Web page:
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Women have choices in 2008 election

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Women have choices in 2008 election
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In the coffee shops, grocery stores, beauty salons, and on the streets I hear, "Finally, a chance to vote for a woman!" "We're part of history!" The selection of Governor Sarah Palin as Senator John McCain's running mate is historic in that this is the first time a woman has been on the Republican ticket. Have we forgotten Democrat Geraldine Ferraro in 1984? A look further back in history reveals Marie C. Brehm as the first legally qualified female vice-presidential candidate. Just four years after women were allowed to vote in federal elections, she ran in 1924 for the Prohibition Party receiving 56,289 votes in 16 states.

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I also hear a lot of talk speculating that women will now vote for Palin merely because of her gender. Women who were previously undecided or who had been supporting Senator Hillary Clinton are expected to vote McCain/Palin. I just don't get it. The early suffragettes who truly suffered in order to win the right to vote would be puzzled. In 1917 Lucy Burns, Dora Lewis, and Alice Paul were among the women who endured beatings, jail, and torture. They were fighting for the rights of women to make choices. Compared to their struggles, the feminist wave of the 1970's was tame. This time media savvy women used words and images to get the message out. We fought for equal opportunity, equal reward, and still the right to make choices.

Since then, political activists have strategized to place qualified women and minorities in key positions in order to give people more choices - choices other than the same old white guys from the "old boys' network". Of course, Palin is not the presidential candidate. If the Republicans win this election, John McCain will be sworn in as president. There are those who believe that because of his age he will not complete his first term in office. I watched his 96-year-old mother at the convention and think that genetics are on McCain's side.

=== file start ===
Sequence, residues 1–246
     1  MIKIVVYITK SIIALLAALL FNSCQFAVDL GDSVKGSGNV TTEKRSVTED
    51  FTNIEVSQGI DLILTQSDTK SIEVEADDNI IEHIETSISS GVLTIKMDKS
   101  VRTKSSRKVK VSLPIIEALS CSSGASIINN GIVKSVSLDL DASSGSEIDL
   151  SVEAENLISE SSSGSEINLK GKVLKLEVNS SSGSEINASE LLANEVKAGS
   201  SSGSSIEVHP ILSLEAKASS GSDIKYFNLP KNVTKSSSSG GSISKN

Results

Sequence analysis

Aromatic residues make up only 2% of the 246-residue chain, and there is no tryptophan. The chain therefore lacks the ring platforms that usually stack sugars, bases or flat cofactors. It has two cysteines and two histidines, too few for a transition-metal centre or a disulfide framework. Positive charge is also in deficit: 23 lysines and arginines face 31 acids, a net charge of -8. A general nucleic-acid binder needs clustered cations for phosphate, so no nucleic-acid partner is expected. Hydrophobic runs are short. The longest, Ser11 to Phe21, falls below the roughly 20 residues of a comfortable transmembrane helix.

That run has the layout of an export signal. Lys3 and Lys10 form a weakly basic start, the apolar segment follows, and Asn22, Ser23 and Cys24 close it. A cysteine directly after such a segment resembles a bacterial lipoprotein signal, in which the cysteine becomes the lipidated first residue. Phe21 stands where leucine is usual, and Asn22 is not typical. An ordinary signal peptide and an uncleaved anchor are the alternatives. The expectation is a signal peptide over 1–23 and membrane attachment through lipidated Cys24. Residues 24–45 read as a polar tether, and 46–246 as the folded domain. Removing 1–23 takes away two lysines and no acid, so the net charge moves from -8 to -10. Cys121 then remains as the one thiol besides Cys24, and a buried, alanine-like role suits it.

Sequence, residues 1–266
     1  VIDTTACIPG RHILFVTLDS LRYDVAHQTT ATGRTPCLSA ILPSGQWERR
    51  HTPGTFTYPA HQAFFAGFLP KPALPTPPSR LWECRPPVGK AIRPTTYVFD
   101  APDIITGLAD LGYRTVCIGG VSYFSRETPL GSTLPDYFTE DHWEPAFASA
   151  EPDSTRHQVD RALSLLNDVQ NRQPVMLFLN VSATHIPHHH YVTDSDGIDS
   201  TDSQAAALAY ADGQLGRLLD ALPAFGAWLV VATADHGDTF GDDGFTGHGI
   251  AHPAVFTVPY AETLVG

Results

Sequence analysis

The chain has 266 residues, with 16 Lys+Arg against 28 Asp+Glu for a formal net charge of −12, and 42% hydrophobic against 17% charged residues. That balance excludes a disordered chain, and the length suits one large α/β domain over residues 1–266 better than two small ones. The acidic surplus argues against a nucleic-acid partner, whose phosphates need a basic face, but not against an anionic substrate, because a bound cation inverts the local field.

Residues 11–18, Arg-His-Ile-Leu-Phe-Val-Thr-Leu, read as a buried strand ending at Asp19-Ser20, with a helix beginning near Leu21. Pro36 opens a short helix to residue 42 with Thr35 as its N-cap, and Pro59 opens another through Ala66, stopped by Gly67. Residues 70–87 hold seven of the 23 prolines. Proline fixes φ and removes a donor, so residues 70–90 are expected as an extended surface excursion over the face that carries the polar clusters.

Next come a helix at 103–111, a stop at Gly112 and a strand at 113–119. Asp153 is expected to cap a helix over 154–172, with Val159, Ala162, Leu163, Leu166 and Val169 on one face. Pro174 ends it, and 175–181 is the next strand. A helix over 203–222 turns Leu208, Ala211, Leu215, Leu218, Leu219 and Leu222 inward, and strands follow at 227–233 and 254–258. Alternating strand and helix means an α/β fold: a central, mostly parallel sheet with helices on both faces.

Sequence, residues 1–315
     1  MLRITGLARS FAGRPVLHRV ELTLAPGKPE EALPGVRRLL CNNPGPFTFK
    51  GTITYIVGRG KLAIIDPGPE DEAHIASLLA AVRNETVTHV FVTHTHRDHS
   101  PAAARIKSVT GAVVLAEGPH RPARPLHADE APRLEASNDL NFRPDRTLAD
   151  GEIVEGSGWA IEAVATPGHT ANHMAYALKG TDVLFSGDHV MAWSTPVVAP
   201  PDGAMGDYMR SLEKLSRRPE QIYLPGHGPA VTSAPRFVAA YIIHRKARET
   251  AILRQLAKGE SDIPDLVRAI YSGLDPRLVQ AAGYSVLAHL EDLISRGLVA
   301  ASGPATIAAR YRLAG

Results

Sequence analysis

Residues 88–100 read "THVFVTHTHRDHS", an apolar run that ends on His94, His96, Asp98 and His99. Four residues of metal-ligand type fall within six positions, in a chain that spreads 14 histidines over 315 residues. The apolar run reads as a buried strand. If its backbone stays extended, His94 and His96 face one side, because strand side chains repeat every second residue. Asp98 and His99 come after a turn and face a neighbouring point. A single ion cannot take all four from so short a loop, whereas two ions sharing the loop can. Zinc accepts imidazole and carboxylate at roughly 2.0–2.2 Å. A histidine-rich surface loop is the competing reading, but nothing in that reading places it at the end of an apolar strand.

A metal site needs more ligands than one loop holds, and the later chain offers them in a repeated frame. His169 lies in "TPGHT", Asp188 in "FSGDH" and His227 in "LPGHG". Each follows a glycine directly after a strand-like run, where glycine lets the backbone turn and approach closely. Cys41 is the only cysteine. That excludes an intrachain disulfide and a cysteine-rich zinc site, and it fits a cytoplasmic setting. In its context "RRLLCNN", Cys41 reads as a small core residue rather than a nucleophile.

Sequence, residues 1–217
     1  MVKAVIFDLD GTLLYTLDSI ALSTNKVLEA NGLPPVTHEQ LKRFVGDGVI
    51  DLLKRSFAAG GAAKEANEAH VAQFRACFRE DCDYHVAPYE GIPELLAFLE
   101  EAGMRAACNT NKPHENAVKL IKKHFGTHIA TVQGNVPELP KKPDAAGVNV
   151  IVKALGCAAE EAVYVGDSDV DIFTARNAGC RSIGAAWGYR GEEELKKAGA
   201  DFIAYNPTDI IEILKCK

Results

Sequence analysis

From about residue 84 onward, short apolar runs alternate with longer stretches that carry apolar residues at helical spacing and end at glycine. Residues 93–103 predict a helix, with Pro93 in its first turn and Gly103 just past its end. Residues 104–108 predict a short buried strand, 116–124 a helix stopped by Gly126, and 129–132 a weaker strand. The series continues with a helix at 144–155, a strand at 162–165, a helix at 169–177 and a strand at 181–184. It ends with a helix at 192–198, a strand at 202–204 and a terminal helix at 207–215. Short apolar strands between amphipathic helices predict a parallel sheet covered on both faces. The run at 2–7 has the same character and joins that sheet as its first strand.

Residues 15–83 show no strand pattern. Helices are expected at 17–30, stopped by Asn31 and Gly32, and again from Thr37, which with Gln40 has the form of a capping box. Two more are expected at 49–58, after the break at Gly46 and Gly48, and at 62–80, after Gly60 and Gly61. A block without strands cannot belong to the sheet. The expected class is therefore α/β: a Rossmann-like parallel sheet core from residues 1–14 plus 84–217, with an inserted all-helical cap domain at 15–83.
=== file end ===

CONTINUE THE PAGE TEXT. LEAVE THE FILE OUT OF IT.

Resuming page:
To think that women would blindly vote for a presidential ticket merely because the second slot has been given to a woman is appalling; especially if those women formerly professed support for Senator Hillary Clinton. Senators McCain and Clinton don't share the same views on many issues; their management styles are completely different; and their records demonstrate clear policy differences. Clinton and Palin are so completely opposed in their political views, it has been said that the only thing they share is their gender.

If gender is the deciding factor in this election, then perhaps these women should be taking a closer look at the Green Party where Cynthia McKinney and Rosa Clemente are the candidates for president and vice-president.

This is a historic election year for several reasons. This is also a time in history that calls for all people to make informed choices. Too often America's citizens vote based on political party or personality or even the ethnic sound of a candidate's name. Not this year - the future of our country is too important. There are two men who each want you to go to the polls and cast your vote for them. They have each chosen running mates perceived to add strength to their political team. We each have a duty to study the candidates' stands on issues, a responsibility to decide who will best lead our government for the next four (or more) years, and a choice based not on race or gender or political party but on qualifications.

Through history, people have literally fought and suffered to bring broader political choices to voters. It hasn't been about carrying picket signs or burning bras. In the novel "The Women's Room", one of the characters states, "A woman is a person who makes choices." If women truly study the candidates and believe John McCain is going to be the leader to pull our country out of the quagmire we're in; if women share Sarah Palin's views, then they will have made an informed choice in casting a McCain/Palin vote. If they mark the ballot based on gender alone, women's rights have been pushed back hundreds of years into history.

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Sonja Kosler, Dent

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